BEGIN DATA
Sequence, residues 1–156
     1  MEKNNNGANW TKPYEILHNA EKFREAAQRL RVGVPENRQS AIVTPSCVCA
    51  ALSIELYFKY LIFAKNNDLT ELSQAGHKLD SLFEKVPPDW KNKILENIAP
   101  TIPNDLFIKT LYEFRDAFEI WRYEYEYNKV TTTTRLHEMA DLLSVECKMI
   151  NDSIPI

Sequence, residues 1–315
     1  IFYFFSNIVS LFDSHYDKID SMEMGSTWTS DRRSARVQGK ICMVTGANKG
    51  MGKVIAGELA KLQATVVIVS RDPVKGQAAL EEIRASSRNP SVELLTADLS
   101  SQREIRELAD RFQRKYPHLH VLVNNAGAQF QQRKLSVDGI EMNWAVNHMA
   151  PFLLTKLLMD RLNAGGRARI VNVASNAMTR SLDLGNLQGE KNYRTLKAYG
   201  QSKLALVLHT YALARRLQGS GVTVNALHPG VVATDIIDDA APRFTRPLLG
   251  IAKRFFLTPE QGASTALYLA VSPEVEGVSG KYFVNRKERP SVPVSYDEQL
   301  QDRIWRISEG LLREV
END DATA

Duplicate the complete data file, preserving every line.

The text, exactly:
Sequence, residues 1–156
     1  MEKNNNGANW TKPYEILHNA EKFREAAQRL RVGVPENRQS AIVTPSCVCA
    51  ALSIELYFKY LIFAKNNDLT ELSQAGHKLD SLFEKVPPDW KNKILENIAP
   101  TIPNDLFIKT LYEFRDAFEI WRYEYEYNKV TTTTRLHEMA DLLSVECKMI
   151  NDSIPI

Sequence, residues 1–315
     1  IFYFFSNIVS LFDSHYDKID SMEMGSTWTS DRRSARVQGK ICMVTGANKG
    51  MGKVIAGELA KLQATVVIVS RDPVKGQAAL EEIRASSRNP SVELLTADLS
   101  SQREIRELAD RFQRKYPHLH VLVNNAGAQF QQRKLSVDGI EMNWAVNHMA
   151  PFLLTKLLMD RLNAGGRARI VNVASNAMTR SLDLGNLQGE KNYRTLKAYG
   201  QSKLALVLHT YALARRLQGS GVTVNALHPG VVATDIIDDA APRFTRPLLG
   251  IAKRFFLTPE QGASTALYLA VSPEVEGVSG KYFVNRKERP SVPVSYDEQL
   301  QDRIWRISEG LLREV